Missing teen skier avoids media, well wishers while leaving Franklin Memorial Hospital

Jill Gray, spokeswoman for Franklin Memorial Hospital in Farmington, speaks to the media about Nicholas Joy, the 17-year-old who was rescued off Sugarloaf Mountain after being missing for two days. Joy was  admitted to the hospital on Tuesday, March 5, 2013.
Jill Gray, spokeswoman for Franklin Memorial Hospital in Farmington, speaks to the media about Nicholas Joy, the 17-year-old who was rescued off Sugarloaf Mountain after being missing for two days. Joy was admitted to the hospital on Tuesday, March 5, 2013.
Posted March 06, 2013, at 10:09 a.m.
Last modified March 06, 2013, at 10:34 p.m.
Nicholas Joy, 17, of Medford, Mass., was found alive near Sugarloaf ski resort Tuesday morning, March 5, after he disappeared Sunday.
Maine Warden Service
Nicholas Joy, 17, of Medford, Mass., was found alive near Sugarloaf ski resort Tuesday morning, March 5, after he disappeared Sunday.

FARMINGTON, Maine — Along with many other well wishers, Daryl “Poochie” Searles of Phillips wanted to do something when he heard the news that Nicholas Joy, 17, of Medford, Mass., had been found alive Tuesday at Sugarloaf.

Joy, who became lost while skiing Sunday, was taken to Franklin Memorial Hospital by ambulance Tuesday morning. He stayed there overnight and was discharged about 8:25 a.m. Wednesday morning.

The family successfully avoided Searles and members of the media, who were waiting outside.

Even hospital spokesman Jill Gray was surprised when she told media that the family had left. Joy was fine, she said, but tired. She could not comment any further on his condition.

When Searles first heard the news of Joy’s rescue Tuesday morning, he gathered a bunch of grapes and a whoopie pie, drove to Franklin Memorial Hospital in Farmington and waited outside along with media from across the state and New England.

“I saw the report and wanted to tell him how glad I am he was found,” Searles said Tuesday as he waited more than three hours.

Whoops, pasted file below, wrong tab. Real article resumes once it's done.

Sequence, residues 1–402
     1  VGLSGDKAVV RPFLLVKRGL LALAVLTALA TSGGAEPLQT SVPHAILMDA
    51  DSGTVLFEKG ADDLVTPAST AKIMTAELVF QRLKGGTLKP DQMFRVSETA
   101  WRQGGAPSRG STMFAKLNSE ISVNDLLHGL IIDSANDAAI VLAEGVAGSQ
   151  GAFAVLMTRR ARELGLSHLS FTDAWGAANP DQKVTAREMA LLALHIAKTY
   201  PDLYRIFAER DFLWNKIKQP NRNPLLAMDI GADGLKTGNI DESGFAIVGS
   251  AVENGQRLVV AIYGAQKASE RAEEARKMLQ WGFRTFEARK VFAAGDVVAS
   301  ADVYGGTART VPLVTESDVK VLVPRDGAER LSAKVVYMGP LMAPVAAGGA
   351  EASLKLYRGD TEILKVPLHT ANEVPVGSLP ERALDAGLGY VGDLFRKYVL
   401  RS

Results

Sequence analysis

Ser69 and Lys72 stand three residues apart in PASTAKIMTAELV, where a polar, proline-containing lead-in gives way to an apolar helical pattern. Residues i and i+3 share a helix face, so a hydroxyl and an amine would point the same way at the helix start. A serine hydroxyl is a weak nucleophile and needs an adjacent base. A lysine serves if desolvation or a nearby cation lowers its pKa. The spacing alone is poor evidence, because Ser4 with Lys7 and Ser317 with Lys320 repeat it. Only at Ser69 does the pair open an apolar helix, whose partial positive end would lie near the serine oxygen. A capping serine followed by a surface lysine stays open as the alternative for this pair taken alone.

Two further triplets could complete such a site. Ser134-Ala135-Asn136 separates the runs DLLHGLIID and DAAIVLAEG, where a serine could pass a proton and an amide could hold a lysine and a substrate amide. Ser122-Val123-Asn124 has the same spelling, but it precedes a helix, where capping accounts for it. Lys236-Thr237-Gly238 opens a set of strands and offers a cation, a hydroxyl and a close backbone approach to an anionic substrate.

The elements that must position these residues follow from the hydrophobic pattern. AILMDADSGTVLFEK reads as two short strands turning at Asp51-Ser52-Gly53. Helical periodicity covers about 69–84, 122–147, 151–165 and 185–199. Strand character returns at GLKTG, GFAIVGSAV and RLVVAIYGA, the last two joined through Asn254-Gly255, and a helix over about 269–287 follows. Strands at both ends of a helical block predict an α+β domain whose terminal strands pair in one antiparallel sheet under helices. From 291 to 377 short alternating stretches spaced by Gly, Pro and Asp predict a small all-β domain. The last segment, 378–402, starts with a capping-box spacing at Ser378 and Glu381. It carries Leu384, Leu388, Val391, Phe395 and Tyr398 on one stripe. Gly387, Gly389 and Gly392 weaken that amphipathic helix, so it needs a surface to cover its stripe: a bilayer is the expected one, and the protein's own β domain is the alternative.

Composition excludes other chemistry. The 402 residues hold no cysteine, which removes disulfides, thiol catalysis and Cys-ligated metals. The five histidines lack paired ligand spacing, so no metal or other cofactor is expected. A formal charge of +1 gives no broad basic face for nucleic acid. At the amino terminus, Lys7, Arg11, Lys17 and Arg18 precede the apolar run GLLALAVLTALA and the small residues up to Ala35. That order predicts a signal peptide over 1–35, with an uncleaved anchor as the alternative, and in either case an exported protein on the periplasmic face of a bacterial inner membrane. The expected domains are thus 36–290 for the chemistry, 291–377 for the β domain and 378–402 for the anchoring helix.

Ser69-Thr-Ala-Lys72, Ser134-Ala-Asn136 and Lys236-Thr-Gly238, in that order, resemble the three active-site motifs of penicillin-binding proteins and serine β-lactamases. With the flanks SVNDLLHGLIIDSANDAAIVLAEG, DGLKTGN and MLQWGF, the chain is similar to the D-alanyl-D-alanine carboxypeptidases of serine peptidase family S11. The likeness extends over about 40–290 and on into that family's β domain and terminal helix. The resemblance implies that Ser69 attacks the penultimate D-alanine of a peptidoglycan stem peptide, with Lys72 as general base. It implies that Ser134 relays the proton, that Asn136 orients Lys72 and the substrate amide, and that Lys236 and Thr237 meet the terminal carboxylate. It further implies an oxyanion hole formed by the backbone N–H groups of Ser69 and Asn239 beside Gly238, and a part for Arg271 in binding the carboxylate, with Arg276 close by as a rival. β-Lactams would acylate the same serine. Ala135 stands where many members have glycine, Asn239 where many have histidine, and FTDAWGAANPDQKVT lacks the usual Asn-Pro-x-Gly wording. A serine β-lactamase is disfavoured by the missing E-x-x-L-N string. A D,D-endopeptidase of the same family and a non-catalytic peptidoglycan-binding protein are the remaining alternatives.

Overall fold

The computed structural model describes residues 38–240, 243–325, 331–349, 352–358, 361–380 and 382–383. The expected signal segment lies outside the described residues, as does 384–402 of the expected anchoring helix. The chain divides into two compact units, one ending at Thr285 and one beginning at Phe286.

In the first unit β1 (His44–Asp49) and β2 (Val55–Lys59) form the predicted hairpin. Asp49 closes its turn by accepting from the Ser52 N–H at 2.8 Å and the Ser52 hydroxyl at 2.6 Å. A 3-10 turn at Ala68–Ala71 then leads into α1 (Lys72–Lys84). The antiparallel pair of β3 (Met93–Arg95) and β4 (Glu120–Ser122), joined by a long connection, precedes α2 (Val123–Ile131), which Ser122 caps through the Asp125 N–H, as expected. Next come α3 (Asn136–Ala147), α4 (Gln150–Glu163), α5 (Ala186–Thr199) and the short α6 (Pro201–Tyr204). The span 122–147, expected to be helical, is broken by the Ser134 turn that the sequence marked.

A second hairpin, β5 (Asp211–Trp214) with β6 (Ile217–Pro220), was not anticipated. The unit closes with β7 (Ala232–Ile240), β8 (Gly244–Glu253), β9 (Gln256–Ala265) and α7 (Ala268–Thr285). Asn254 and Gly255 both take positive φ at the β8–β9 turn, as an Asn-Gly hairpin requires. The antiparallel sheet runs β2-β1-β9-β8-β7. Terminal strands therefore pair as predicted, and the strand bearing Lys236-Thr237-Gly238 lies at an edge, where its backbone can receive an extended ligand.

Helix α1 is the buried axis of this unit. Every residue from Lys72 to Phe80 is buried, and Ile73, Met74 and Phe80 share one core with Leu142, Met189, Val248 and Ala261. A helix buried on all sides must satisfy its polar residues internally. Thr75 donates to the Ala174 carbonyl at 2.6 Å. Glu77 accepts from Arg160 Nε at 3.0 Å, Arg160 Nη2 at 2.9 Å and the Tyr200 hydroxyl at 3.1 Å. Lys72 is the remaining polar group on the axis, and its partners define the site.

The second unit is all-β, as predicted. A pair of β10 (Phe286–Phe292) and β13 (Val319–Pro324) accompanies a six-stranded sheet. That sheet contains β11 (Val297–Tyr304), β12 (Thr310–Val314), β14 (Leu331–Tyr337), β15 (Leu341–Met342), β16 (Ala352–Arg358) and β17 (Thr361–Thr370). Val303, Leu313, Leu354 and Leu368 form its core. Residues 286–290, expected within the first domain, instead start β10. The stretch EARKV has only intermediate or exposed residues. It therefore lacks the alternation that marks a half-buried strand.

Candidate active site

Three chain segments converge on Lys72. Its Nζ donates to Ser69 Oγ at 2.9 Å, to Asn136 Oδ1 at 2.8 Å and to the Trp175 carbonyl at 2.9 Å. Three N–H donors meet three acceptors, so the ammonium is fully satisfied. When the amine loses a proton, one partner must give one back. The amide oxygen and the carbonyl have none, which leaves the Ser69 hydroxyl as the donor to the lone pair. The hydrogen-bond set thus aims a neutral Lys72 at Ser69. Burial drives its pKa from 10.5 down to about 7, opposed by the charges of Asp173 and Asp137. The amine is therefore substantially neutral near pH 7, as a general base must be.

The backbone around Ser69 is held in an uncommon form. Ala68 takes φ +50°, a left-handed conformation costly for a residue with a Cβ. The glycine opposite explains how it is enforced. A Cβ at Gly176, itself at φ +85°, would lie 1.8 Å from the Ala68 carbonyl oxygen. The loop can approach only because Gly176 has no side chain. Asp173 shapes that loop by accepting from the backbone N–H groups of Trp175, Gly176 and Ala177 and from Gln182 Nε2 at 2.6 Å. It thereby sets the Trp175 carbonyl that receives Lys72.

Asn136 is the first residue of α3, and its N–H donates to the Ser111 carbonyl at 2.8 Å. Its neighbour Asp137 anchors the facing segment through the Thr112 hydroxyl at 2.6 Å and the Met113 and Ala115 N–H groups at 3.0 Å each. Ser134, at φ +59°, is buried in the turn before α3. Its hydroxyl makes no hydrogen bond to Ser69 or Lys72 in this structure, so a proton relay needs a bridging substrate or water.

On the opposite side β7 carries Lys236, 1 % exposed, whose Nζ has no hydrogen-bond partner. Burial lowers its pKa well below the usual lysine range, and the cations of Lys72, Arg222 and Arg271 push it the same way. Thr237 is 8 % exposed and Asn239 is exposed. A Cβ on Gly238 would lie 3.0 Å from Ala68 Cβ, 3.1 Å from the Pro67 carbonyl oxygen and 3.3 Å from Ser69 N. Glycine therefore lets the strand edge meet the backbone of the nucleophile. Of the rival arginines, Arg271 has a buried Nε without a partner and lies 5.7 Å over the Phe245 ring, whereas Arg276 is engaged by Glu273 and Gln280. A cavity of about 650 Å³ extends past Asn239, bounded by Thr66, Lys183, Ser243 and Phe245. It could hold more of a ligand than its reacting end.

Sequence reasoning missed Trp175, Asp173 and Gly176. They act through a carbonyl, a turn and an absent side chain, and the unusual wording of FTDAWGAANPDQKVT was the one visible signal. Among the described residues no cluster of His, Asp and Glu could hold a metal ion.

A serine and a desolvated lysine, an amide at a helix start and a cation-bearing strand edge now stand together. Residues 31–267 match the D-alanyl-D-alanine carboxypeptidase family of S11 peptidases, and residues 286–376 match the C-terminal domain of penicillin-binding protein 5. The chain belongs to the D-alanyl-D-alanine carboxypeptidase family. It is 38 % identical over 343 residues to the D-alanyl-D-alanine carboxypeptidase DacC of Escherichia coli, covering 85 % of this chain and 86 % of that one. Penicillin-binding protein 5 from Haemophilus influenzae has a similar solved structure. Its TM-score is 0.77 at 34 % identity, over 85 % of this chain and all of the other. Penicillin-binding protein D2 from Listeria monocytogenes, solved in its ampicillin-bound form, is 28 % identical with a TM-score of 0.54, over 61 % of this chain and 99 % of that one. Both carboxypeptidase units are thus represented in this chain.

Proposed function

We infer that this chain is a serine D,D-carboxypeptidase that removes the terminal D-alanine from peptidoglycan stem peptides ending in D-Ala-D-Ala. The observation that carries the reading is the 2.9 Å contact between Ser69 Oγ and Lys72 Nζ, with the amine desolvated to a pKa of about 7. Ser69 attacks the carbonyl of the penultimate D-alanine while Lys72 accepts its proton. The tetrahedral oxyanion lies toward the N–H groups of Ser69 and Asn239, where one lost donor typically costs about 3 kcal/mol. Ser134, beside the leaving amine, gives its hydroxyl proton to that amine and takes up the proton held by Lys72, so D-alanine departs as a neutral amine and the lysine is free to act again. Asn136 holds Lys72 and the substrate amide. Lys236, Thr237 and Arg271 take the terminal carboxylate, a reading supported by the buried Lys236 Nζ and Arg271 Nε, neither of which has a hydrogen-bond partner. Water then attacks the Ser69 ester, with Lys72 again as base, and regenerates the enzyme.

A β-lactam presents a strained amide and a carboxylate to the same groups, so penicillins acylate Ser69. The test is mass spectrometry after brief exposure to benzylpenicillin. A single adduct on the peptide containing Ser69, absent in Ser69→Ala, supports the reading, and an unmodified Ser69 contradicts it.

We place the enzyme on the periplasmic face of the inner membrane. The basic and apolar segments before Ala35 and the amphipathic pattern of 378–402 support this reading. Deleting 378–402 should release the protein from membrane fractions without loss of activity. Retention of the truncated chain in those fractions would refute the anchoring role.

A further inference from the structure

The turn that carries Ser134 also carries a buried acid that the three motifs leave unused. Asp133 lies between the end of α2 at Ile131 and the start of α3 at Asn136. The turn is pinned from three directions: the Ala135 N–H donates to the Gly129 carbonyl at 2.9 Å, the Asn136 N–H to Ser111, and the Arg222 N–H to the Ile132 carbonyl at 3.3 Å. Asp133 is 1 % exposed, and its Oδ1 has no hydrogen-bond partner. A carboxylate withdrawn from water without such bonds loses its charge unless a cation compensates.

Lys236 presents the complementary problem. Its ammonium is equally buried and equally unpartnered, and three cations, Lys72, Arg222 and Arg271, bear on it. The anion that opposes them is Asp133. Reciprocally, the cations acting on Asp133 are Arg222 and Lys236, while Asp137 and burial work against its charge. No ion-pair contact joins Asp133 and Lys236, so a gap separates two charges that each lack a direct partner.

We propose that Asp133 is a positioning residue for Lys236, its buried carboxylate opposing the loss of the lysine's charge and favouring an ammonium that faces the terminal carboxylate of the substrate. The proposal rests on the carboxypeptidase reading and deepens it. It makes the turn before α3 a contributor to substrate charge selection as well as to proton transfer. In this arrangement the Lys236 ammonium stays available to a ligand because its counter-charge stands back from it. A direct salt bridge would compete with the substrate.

Finally, Nicholas’ mother, Donna Joy, came out heading for her car, but Searles said he couldn’t get close. He waited for her return and offered the gift to her for Nicholas.

“She just said ‘no thanks,’” Searles said Wednesday morning.

He felt badly but said he could understand a parent’s protection.

After learning Joy spent the night at the hospital, he came back Wednesday morning in hopes of offering the gift to Nicholas and wishing him well when he left.

While hospital security sought a way for the family to leave, the family took it upon themselves to plan their own departure through a hospital exit away from waiting media and Searles.

The family had said in a statement Tuesday that he was doing well. They also thanked everyone for their hopes and prayers.

Joy spent two nights alone in a snow cave he built and then Tuesday, climbed a steep embankment to a snowmobile trail, one traveled by Maine Wardens while they searched for him Monday.

He walked down the trail Tuesday morning and was discovered by a Massachusetts snowmobiler, Joseph Paul, about 9 a.m.

Gray said Joy’s parents would allow media to contact Nicholas in a few days after he rests. They said they’re letting Joy decide whether he wants to talk about his experience or not.

Maine and Boston area television crews and a state representative from Good Morning America were waiting to talk to him at the hospital Wednesday morning.

 

SEE COMMENTS →

ADVERTISEMENT | Grow your business
ADVERTISEMENT | Grow your business

Similar Articles

More in Lewiston-Auburn